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Finding Common Ground: U.S. Export Controls in a Changed Global Environment Type Description When Appropriate Preexport notification Exporter must prenotify shipment; government agency may prohibit, impose conditions, or exercise persuasion. Example: requirement by Office of Foreign Assets Control for third-country subsidiary exports to Iran during the 1979-1980 hostage crisis Generally regarded as an inappropriate export control measure because exporter cannot accept last-minute uncertainty Conditions on general authority or right to export Exporter not required to obtain government agency license but must meet regulatory conditions that preclude high-risk exports. Examples: Commerce Department general licenses; CoCom's general license free-world (GFW) and general license for intra-CoCom trade (GCT) Appropriate when risk of diversion or undesired use is low Postexport recordkeeping Exporter must keep records of particulars of exports for specified period and submit or make available to government agency. Example: Export Administration Regulations §787.13 Appropriate means exist to monitor nonsensitive exports for possible diversion Although the panel did not consider itself qualified to specify the circumstances in detail, some candidate criteria for determining when export controls should be terminated follow: Effective and verifiable conventional arms control agreements in Europe beyond those already agreed to in the Conventional Forces in Europe (CFE) treaty. Effective and verifiable nuclear arms control agreements among the United States, France, the United Kingdom, and the Soviet Union. Democratically elected government in the Soviet Union. Demonstration of a Soviet commitment to work cooperatively, both bilaterally and multilaterally (including within world organizations such as the United Nations), to achieve a stable and secure international environment.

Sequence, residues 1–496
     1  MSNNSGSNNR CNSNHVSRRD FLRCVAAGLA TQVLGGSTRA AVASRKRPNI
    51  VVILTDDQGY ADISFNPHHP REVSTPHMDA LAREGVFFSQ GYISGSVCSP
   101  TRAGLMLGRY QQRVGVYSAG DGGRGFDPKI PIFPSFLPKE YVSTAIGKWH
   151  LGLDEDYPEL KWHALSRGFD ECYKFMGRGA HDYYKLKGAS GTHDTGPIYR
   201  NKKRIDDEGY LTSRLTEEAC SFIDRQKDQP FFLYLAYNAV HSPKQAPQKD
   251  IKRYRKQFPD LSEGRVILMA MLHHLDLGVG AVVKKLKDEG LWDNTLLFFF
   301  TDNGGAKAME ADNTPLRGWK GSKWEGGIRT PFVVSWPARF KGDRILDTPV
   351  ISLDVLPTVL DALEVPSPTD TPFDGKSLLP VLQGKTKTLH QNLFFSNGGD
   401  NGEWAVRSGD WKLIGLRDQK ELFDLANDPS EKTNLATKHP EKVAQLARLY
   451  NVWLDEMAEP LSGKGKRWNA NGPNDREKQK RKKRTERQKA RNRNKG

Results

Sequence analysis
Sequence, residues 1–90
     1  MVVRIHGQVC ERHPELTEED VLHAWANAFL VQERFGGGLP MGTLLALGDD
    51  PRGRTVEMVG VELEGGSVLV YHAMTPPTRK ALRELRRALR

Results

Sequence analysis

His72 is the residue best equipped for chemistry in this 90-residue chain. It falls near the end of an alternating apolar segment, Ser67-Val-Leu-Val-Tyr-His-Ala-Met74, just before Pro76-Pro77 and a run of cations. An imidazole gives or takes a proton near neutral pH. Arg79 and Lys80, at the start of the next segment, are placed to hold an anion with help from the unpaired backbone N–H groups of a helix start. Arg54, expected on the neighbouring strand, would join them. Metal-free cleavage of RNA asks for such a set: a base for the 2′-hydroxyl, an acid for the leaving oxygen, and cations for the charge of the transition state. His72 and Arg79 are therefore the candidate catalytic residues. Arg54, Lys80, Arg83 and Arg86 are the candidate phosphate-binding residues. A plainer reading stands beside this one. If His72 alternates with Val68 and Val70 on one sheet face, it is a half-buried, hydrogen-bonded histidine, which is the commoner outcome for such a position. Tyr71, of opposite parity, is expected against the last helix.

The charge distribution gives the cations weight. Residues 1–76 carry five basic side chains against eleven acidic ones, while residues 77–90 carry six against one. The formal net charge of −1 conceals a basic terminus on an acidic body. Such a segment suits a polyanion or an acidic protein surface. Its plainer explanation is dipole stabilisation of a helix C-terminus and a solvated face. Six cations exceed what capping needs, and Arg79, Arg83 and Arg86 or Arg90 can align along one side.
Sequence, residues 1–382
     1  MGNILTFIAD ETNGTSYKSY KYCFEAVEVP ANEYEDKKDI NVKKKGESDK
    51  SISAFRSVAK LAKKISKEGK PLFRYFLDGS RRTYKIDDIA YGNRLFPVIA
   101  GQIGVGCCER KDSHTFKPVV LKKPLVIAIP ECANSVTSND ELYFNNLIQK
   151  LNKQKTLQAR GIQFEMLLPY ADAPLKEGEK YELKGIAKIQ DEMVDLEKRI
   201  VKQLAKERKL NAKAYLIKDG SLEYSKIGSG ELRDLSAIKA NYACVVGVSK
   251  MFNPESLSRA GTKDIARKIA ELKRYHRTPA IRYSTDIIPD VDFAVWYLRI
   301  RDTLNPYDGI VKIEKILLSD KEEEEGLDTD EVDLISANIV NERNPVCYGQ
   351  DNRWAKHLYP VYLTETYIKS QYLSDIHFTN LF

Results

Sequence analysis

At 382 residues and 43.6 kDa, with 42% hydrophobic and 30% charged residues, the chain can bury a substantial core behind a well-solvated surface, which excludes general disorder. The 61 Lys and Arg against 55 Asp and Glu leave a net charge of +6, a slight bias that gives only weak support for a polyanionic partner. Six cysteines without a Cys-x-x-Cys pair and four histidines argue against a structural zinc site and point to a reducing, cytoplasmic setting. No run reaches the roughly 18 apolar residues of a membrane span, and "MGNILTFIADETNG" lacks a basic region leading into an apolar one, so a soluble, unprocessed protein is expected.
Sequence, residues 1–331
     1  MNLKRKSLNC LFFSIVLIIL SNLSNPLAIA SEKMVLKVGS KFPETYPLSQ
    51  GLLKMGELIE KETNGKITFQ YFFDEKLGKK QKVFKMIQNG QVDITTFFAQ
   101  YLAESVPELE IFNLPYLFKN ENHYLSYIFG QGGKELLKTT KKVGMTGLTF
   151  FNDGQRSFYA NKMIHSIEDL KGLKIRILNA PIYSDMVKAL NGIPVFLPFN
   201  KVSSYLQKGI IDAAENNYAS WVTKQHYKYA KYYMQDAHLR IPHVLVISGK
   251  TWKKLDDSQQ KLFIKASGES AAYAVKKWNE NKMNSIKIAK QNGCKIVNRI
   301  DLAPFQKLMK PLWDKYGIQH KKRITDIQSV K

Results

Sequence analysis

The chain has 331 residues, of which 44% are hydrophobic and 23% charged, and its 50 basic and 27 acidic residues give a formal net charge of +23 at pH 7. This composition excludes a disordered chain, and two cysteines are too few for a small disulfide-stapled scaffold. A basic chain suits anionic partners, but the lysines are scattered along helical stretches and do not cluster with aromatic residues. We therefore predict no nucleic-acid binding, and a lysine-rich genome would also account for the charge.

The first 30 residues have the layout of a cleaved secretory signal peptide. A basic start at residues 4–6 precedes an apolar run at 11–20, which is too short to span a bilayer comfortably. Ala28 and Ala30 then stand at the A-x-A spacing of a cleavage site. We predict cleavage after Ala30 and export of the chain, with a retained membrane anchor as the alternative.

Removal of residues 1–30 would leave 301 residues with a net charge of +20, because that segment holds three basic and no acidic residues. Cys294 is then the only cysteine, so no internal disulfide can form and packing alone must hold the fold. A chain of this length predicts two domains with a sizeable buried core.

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Finding Common Ground: U.S. Export Controls in a Changed Global Environment A NEW APPROACH TO EAST-WEST EXPORT CONTROLS The traditional definition of the Soviet Union, the other (former) member countries of the Warsaw Pact, and the People's Republic of China as the most immediately threatening adversaries of the Western alliance is, for reasons elaborated in Chapter 5, largely outdated. The circumstances, therefore, require a new approach. The political and economic changes in the Soviet Union and Eastern Europe have created new opportunities. Of greatest relevance to this study is the possibility that, for the first time since World War II, the United States and the Soviet Union can now work cooperatively in areas of mutual security concern, such as proliferation. Simultaneously, the disintegration of the WTO, combined with the internal economic and political problems in the Soviet Union, means that the West can accept somewhat larger risks without seriously endangering national security. Taken together, these increased opportunities—and increased margin for error—suggest that the West can now safely move from a policy of general denial (with limited exceptions) of dual use controlled items to a policy of presumed approval to export, predicated on verifiable enduse conditions. The arguments for such a transition are clearly greatest for those nations of Eastern Europe that now pose a national security threat to the West only because of the possibility that goods and technologies sold to them might be reexported to the Soviet military or to countries of concern for other reasons. But the case also holds for the Soviet Union itself, which for the foreseeable future will need Western goods and technologies if its efforts at building a modern economy are to have any chance of success. There undoubtedly are risks attendant to the improvement of long-term capabilities. The most obvious is the outright loss of control over the end use of sensitive dual use items, particularly in the event of an outbreak of hostilities (when it obviously would no longer be possible to verify end use). There also are dangers under this scheme of diversion (particularly diversion-in-place), reverse engineering, and dissemination of technical data and know-how. But the fact remains that continued pursuit of a policy of general denial is neither administratively feasible in light of the multiple channels and sources for acquisition nor politically desirable in the context of the positive trend in U.S.-Soviet relations with the demise of the WTO and the signing of the CFE treaty. Under a new export control policy based in large part on verifiable end use, moreover, measures such as government assurances of civilian end use and restricted resale build confidence between trading parties and are useful tools in managing the security risk inherent in the export of advanced goods. Predicating the sale of advanced, and previously embargoed, end products on guarantees against military end use and unauthorized resale allows for economic progress while limiting military risk. Arrangements for continuing,